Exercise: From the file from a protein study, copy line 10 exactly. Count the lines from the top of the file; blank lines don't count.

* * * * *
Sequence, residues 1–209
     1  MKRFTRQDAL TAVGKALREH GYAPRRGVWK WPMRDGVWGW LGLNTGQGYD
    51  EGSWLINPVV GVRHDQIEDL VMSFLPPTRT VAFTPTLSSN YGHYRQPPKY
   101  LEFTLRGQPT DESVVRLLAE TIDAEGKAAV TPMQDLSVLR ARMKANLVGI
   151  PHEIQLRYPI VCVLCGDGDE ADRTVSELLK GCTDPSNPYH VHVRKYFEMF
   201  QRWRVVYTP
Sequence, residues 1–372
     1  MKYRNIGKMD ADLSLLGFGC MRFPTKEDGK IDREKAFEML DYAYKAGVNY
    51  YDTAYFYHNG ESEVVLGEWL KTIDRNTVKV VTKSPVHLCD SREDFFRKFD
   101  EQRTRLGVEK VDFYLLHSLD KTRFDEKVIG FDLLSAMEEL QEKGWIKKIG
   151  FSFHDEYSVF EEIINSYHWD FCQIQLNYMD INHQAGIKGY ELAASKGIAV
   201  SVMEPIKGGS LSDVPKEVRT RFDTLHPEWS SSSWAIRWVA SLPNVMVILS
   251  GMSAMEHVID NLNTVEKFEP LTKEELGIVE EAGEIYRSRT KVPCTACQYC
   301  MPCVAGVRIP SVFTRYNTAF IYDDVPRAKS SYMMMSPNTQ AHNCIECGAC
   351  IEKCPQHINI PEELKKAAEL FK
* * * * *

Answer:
   101  EQRTRLGVEK VDFYLLHSLD KTRFDEKVIG FDLLSAMEEL QEKGWIKKIG